The datasets used and/or analyzed during the current study are available online or available from the corresponding author on reasonable request.

Author information

JA and ML conceived the study. JA designed the study. AF and DD performed the data collection, and performed the data analysis. AF performed the interpretation of the data and drafted the manuscript. JA, ML and GB provided critical revisions, administrative support, and final approval of the submitted manuscript. All authors read and approved the final manuscript.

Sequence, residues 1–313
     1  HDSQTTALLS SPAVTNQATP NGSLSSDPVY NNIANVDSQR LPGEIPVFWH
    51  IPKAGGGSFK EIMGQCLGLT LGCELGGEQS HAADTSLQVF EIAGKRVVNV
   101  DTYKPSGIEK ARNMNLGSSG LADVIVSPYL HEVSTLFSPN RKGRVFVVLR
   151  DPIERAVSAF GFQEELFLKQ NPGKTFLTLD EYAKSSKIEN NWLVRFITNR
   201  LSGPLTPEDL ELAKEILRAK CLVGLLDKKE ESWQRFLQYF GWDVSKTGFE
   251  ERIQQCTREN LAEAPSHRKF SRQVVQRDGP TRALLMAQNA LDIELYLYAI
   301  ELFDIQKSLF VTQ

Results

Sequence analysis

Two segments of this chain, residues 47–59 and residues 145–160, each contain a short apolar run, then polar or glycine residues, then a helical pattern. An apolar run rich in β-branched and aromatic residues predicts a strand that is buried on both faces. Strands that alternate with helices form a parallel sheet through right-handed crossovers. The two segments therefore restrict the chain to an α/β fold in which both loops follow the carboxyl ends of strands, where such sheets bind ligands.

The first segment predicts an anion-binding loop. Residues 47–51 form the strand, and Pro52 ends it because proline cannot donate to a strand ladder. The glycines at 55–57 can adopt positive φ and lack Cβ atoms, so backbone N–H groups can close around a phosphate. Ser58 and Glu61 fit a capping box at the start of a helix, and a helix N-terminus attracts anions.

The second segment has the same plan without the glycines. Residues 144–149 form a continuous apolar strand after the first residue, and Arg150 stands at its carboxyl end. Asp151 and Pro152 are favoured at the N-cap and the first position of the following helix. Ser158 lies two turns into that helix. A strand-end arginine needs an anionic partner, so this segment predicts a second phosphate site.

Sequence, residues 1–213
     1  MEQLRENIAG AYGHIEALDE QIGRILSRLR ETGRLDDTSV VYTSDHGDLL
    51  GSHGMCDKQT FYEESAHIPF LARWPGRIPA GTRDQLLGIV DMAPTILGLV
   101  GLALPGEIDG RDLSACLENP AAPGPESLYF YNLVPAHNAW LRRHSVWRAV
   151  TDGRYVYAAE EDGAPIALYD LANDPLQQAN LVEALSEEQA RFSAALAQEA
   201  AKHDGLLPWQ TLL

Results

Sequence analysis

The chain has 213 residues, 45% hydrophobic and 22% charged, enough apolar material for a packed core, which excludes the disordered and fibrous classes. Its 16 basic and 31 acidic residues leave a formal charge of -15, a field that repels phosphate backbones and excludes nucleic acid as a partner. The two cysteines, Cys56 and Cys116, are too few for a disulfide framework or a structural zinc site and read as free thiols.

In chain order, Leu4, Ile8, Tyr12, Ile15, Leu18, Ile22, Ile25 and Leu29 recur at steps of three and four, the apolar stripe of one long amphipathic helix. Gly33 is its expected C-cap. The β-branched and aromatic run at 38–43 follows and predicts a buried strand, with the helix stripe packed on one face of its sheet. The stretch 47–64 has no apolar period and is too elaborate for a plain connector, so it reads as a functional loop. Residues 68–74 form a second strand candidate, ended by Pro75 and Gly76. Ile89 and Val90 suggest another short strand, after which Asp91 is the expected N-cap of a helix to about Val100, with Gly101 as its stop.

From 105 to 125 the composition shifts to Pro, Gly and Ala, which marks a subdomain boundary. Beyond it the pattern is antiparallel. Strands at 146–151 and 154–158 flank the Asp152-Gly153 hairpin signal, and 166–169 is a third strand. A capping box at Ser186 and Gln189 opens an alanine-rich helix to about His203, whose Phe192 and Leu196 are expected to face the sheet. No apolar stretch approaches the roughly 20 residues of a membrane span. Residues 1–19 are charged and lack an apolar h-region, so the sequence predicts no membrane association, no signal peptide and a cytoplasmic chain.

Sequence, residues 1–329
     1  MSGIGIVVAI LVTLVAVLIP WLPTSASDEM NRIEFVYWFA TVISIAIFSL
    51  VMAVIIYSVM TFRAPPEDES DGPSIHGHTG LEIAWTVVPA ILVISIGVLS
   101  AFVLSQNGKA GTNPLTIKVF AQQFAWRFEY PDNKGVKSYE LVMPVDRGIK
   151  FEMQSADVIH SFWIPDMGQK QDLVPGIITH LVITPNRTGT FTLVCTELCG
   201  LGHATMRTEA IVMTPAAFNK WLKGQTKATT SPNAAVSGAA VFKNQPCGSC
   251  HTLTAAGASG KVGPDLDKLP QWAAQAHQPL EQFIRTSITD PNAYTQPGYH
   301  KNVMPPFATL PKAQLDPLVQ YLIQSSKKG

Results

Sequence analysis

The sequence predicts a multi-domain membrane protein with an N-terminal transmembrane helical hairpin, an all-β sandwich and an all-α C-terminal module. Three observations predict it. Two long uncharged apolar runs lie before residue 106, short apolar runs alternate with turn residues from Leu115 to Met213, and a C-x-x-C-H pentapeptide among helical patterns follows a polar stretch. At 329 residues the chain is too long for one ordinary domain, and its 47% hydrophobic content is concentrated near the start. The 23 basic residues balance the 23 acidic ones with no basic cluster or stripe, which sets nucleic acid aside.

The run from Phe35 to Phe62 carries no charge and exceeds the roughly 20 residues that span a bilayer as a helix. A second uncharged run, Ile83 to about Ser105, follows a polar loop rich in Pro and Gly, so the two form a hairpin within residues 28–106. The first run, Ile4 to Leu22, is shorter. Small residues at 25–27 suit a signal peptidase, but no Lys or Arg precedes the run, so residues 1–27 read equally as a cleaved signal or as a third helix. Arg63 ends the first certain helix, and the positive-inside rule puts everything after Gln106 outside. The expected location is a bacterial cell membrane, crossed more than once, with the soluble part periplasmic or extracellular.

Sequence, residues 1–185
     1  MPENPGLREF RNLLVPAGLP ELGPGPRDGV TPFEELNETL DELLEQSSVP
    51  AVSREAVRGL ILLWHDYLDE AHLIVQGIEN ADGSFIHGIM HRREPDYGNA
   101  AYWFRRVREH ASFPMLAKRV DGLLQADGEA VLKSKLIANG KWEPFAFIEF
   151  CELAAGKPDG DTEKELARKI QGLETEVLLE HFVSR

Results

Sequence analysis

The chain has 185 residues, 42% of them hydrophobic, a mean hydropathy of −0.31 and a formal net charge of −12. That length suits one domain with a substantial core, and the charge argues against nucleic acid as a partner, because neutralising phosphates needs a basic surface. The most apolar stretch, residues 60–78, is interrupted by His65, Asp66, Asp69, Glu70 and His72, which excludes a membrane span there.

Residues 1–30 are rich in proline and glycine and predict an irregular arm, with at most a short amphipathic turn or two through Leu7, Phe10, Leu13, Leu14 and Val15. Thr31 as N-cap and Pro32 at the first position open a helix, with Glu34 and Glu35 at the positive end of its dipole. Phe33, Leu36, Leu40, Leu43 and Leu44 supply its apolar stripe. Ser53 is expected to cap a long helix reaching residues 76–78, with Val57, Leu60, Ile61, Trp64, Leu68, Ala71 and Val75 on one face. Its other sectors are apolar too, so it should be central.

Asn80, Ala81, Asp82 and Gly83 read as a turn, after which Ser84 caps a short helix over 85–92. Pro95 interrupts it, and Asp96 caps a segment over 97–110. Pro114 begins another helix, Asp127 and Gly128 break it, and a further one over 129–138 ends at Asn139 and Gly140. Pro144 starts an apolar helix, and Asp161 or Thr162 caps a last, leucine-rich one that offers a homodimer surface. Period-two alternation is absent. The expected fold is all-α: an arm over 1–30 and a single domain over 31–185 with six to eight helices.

Correspondence to Abbey Fraser.

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Ethics approval

This article does not contain any studies with human participants or animals performed by any of the authors.

Consent for publication

All the participants provided consent for publication.

Competing interests

Abbey Fraser declares that she has no conflict of interest. Dao Doan declares that she has no conflict of interest. Mary Lundy declares that she has no conflict of interest. Grant Bevill declares that he has no conflict of interest. Juan Aceros declares that he has no conflict of interest. The authors declare that they have no competing interests.

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Keywords

  • Toy-related injuries
  • Ride-on toy
  • Pediatric safety
  • Disabilities
  • Collision
  • Children